The mission is flexible in that it has to happen in the world we live in. While our theology and values can and should transcend time and place, our mission must be alive in the real world of today. The mission is a lot like GPS. There are constant variables in the mathematical sense. We are here to live out the words of Jesus and love God and others. We need to be with the people who are our neighbors and love God. The GPS of mission tells us who and where both God is and our neighbor. We cannot seem to find our way without the GPS that mission is.

My mission in Southern California is different from the mission I had in Texas. The cultures are different. The people are different people. In one, the BBQ was super slow cooked, and the guy in the car at the intersection waved with two fingers. In the other, everyone hurries and honks their way down the road with rage and your ice cream might be vegan. My mission to love is constant, but it is not real until the location is locked. To be out of step with where you are means you are lost in your mission.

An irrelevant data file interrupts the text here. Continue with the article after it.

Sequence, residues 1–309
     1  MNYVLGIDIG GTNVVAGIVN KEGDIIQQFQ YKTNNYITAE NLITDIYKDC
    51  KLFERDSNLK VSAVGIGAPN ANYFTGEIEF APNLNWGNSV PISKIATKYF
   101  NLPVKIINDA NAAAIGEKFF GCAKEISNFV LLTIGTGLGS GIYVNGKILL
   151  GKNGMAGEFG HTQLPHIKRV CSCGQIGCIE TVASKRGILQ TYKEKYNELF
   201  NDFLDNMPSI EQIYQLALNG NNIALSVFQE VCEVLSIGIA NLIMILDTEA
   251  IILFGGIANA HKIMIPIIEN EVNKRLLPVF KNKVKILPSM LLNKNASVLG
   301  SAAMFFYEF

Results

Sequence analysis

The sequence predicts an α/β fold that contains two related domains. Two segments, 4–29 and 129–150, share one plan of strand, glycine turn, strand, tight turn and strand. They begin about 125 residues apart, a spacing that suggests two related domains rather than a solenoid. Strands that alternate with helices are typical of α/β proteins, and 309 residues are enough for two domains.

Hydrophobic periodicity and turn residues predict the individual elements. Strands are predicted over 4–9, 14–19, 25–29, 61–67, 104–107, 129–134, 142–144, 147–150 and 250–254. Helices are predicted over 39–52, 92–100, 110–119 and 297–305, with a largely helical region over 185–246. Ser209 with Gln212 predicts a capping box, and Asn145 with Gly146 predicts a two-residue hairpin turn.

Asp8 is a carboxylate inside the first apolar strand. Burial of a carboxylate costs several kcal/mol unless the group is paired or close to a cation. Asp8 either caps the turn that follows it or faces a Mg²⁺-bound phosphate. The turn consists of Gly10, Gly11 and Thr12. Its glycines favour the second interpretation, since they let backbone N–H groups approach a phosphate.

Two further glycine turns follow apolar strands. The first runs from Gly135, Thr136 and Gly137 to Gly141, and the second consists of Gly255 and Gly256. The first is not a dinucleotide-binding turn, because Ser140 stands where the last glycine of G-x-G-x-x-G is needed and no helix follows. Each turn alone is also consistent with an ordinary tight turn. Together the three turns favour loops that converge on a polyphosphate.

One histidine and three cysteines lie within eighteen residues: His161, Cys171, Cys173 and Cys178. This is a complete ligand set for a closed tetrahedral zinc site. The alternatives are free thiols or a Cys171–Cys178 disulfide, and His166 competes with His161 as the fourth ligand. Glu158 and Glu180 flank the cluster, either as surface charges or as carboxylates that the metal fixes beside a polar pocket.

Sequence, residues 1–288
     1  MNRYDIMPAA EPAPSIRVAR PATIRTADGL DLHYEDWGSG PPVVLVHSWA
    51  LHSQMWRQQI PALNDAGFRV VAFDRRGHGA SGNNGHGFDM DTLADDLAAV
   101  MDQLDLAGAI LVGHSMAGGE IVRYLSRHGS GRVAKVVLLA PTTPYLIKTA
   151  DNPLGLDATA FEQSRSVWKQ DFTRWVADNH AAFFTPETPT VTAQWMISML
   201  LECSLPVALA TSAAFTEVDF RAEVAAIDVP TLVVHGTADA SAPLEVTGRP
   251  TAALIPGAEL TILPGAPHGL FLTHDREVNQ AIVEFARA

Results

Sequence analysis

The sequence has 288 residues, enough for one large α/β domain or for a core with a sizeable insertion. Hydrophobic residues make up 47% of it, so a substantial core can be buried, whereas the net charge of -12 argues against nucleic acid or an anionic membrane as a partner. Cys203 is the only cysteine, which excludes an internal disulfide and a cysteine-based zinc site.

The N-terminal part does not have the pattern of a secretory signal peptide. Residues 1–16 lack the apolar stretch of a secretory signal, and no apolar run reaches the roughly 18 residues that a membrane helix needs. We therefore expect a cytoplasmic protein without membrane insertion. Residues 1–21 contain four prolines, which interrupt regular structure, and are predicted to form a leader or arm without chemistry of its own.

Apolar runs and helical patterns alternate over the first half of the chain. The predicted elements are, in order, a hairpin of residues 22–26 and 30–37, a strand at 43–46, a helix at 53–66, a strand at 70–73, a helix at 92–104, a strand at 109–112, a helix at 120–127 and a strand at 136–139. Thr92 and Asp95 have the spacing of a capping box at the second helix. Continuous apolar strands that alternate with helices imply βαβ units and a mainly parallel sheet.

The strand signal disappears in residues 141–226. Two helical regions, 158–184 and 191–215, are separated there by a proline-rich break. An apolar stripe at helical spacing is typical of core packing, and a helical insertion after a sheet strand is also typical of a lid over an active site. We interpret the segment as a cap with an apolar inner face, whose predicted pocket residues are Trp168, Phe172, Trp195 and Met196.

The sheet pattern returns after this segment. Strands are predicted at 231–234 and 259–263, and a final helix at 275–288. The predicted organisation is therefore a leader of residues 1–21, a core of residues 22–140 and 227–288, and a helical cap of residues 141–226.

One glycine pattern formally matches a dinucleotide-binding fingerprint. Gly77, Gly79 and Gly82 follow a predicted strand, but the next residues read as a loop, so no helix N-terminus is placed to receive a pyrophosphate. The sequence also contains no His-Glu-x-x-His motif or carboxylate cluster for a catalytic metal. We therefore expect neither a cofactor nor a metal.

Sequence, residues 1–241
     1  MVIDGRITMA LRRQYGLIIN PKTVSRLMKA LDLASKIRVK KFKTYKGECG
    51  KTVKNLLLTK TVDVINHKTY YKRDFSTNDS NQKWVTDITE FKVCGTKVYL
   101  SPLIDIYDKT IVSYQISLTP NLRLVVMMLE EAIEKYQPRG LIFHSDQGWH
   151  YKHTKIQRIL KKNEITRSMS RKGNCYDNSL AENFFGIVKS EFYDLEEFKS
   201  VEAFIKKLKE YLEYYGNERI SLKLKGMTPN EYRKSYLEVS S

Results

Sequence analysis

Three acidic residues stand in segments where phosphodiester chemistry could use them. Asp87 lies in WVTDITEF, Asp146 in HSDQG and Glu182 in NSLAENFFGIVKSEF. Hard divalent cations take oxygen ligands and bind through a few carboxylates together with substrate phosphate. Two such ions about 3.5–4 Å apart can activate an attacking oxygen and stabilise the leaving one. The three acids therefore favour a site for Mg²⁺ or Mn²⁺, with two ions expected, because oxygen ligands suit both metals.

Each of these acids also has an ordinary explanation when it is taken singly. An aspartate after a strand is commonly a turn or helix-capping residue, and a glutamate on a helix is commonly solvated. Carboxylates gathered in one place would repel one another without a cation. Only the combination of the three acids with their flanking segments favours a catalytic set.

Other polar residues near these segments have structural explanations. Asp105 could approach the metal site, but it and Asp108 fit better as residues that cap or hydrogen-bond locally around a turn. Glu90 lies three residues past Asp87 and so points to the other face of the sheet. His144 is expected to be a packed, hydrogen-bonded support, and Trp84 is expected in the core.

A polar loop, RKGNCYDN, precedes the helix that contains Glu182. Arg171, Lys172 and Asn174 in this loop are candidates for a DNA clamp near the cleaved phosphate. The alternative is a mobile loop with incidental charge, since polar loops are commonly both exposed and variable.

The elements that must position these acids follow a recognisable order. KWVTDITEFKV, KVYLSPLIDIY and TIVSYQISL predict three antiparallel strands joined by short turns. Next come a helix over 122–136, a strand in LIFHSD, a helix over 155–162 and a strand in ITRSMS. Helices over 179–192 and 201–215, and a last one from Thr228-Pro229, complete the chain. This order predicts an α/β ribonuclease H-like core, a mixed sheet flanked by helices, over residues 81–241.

Do you love your church or the church you wish they were? With Instagram, we can see the cool people and their worship teams each week in our feed. But, do we pay attention to the location and season God has planted us in? So many conversations about worship go sideways because we are fighting for a church model that was planted with a different GPS location number. While we can and should learn from what is working, none of it matters until we zone in on our own neighborhood.


When To Challenge Instead Of Compromise.

We will call her Lorna. Lorna was a leader of a growing faction of older people in a church where I served some time ago. She was tough, but also a sweetheart behind the strong exterior. She scheduled a meeting with me and came prepared. When Lorna would claim that “people are saying,” she did not exaggerate. Her heart was in the right place. She was concerned that our style of music was a problem for her and her group of older folks. She didn’t mind it being loud, as some would complain. She just didn’t like it. And, rarely do you get a church member to be upfront about what their issue truly is. For this, my view of her softened.

Remember the story with the volume and the report I made? Well, I had to represent the board which decided that they would not do hymns or an additional service. What Lorna asked for actually was what my team had proposed. It would have been a compromise. The purpose here is to not gloat in how right I may have been but to show that often we cannot compromise when our leadership has defined values. So, even though I empathized with Lorna, I had to move the items to the mission. Were the GPS coordinates correct?